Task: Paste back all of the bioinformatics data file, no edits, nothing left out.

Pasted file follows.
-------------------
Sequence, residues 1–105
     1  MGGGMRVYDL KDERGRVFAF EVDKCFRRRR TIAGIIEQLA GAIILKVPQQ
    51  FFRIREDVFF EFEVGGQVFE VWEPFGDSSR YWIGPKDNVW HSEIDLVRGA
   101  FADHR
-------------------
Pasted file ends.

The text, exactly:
Sequence, residues 1–105
     1  MGGGMRVYDL KDERGRVFAF EVDKCFRRRR TIAGIIEQLA GAIILKVPQQ
    51  FFRIREDVFF EFEVGGQVFE VWEPFGDSSR YWIGPKDNVW HSEIDLVRGA
   101  FADHR